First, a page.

Pneumonia Hospitalization Raises Cardiovascular Disease Risk

January 22, 2015
Eileen Oldfield Associate Editor

Hospitalization for pneumonia increases a patient's risk of developing cardiovascular disease, according to a paper published in the January 20, 2015 edition of JAMA.

Hospitalization for pneumonia increases a patient’s risk of developing cardiovascular disease (CVD), according to a paper published in the January 20, 2015, edition of JAMA.

That CVD risk rises even more if cardiovascular risk factors such as hypertension or smoking are also present.

“The main conclusion from our study is that someone hospitalized for pneumonia should be considered a greater risk of developing CVD,” said lead study author Dr. Vicente Corrales-Medina, MD, assistant professor with the University of Ottawa’s Faculty of Medicine, in a press release.

Researchers examined 3813 records from 2 US-based community health studies, including health data of 1271 pneumonia patients and 2542 age-matched controls. Their paper examined pneumonia patients without a history of CVD, as well as the effects of established cardiovascular risk factors.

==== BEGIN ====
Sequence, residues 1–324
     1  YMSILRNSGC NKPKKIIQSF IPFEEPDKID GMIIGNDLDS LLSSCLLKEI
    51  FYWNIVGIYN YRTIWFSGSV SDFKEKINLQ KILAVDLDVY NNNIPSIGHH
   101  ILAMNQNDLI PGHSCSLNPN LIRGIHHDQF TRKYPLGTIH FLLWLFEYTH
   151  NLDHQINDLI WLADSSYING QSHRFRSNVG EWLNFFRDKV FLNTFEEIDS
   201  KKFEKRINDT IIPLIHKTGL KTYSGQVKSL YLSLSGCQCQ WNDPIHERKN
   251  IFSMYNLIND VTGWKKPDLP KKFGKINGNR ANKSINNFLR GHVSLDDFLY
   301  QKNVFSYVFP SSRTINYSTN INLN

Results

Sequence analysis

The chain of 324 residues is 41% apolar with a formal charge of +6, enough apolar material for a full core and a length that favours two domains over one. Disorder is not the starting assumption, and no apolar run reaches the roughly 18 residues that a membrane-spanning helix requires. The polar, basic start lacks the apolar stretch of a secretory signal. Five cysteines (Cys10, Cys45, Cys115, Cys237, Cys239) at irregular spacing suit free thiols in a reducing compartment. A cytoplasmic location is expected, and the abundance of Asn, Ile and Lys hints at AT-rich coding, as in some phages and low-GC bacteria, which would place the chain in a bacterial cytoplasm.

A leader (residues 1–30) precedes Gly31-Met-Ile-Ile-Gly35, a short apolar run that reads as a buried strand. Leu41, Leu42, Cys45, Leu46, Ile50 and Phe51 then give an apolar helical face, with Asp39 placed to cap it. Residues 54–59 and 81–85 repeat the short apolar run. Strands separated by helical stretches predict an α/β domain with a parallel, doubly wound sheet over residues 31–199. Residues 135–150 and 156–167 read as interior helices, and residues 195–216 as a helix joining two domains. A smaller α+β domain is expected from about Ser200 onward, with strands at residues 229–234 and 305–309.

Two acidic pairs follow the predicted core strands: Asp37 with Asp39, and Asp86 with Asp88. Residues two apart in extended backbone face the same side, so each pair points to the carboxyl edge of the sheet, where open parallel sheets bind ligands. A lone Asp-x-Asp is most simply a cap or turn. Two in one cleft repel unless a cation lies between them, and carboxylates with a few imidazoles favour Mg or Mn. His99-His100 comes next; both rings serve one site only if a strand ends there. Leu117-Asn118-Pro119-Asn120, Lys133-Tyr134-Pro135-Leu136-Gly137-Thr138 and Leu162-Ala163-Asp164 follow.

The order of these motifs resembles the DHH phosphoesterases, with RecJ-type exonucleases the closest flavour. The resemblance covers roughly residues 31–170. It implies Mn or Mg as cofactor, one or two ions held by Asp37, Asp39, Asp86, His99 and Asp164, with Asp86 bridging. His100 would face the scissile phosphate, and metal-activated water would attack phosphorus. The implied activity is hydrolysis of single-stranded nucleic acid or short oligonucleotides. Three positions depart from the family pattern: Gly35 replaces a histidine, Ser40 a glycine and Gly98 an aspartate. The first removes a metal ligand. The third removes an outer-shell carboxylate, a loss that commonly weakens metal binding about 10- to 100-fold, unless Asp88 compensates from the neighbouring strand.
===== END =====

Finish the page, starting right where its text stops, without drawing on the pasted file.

The results of the 10-year analysis demonstrated greater CVD risk among those hospitalized for pneumonia, with the highest risk occurring in the year following initial infection.

The study cohorts included participants aged 65 years and older and participants aged 45 to 64 years. In the former group, those who had pneumonia were 4 times more likely to develop CVD in the month following their infection. At the 10-year mark after infection, they were slightly less than twice as likely to develop CVD.

Meanwhile, participants aged 45 to 64 years had a higher CVD risk in the first 2 years following infection, although their risk was not significantly higher after 2 years. Participants in that age group were 2.4 times more likely to develop CVD in the month and a half following initial infection, the researchers found.

“This…provides yet another reason to do everything we can to prevent pneumonia from occurring in the community, through vaccination and basic hygiene, for example,” Dr. Corrales-Medina explained. “This is especially important for the elderly and those with other risk factors for CVD, such as diabetes, smoking, and high cholesterol.”

In light of the findings, Dr. Corrales-Medina suggested that a patient’s care plan after hospital discharge should incorporate cardiac screening and primary prevention strategies.